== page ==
Definition of clueless in English:



  • Having no knowledge, understanding, or ability.

    ‘you're clueless about how to deal with the world’
    • ‘Two years, and he's just as patronising, moronic, simpering and clueless as ever.’
    • ‘The problem is that most of us are still hopelessly clueless about wireless.’
    • ‘In school, we were the meek, the shunned, the clueless, the kids with no social life or social status.’
    • ‘But for some strange reason he is drawn to this clueless, blond bimbo like a moth to a flame.’
    • ‘What strikes me most about this chapter is just how clueless some academic critics are.’
    • ‘He was not a bad guy at heart - clueless, yeah, but certainly not heartless.’
    • ‘My wife was clueless about my music and actually saw my first concert six months after our marriage.’
    • ‘I've had loads and loads of clueless people come around to fix my washing machine.’
    • ‘You just proved to me once and for all how incredibly clueless you really are!’
    • ‘Maybe we were just a bunch of clueless tourists passing through and not at all in tune with the countries we went to.’
    • ‘They are clueless about true creativity, and rarely have the ability to recognise it when they see it.’
    • ‘He is completely clueless when it comes to realising that people don't really care that much.’
    • ‘He looked so clueless and confused that they started laughing even harder.’
    • ‘If you have a child who is clueless about fashion, help him to dress the part and look as much like the other kids as possible.’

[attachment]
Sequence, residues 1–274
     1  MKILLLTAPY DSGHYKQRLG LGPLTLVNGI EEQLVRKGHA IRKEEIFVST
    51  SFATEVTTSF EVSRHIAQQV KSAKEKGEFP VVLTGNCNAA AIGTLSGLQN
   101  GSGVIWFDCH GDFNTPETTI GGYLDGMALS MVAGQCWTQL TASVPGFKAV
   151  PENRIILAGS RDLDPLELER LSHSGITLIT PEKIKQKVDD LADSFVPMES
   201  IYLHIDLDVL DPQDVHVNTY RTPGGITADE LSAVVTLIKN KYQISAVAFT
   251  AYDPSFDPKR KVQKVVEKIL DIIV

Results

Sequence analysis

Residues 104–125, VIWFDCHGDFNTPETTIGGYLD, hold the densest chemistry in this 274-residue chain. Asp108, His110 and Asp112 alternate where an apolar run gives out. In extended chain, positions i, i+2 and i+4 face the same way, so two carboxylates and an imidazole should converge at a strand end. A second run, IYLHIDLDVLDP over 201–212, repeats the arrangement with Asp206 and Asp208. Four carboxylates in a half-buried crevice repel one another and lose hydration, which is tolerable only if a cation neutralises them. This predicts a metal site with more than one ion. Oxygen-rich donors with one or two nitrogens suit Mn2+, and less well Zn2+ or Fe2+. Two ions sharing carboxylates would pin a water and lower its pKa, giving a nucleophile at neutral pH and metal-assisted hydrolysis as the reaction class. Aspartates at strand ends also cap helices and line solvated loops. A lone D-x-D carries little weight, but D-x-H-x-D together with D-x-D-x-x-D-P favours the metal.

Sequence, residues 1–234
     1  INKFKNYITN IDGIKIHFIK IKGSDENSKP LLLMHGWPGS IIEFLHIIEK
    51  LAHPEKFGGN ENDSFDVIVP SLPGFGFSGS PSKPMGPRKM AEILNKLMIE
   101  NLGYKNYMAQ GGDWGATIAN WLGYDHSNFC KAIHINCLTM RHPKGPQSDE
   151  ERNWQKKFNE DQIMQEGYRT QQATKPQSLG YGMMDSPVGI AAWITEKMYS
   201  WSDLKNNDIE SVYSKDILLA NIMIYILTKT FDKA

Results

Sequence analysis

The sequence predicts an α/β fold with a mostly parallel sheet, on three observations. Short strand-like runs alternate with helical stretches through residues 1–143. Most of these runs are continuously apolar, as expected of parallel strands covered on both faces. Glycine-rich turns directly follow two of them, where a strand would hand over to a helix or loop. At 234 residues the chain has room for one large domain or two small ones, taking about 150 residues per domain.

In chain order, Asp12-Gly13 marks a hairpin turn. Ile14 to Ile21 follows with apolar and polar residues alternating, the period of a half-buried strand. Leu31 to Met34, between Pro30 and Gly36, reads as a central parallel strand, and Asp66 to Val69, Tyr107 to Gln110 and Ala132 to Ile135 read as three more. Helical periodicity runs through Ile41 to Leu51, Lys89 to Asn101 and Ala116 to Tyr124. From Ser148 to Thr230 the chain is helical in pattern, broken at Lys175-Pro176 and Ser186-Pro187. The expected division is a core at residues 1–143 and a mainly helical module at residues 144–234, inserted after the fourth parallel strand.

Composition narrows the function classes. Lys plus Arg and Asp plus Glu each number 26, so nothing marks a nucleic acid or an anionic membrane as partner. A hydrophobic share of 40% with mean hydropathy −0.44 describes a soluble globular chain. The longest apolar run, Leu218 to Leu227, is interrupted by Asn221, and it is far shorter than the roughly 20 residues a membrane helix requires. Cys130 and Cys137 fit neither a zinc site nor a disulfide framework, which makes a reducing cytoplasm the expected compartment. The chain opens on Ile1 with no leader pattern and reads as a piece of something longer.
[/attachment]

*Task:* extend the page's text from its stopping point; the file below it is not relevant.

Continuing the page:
• ‘There are worrying stories of call centre employees who are clueless about managing their money.’
    • ‘How can one man be so capable and intelligent and genuine, and yet so clueless about how to treat a woman?’
    • ‘He made the other guy out to be a bit of a clueless idiot, and himself as the only person that could be really relied upon to know what was going on.’
    • ‘A nice bloke offered to clip it on for me as I stood there looking clueless.’
    • ‘But they are clueless when it comes to persuading the users to observe this etiquette.’
    • ‘I don't see much point in these things anyway, but when it comes to using one, I'm completely clueless.’
    • ‘Many on the Continent regard the British as clueless and bumbling on the slopes, but less liable to be reckless.’
    bewildered, bemused, puzzled, perplexed, baffled, stumped, mystified, stupefied, nonplussed, muddled, befuddled, fuddled, dumbfounded, at sea, at a loss, at sixes and sevens, taken aback, disoriented, disconcerted, discomposed, troubled, discomfited, unnerved, shaken, shaken up, dazed, stunned, astonished, astounded
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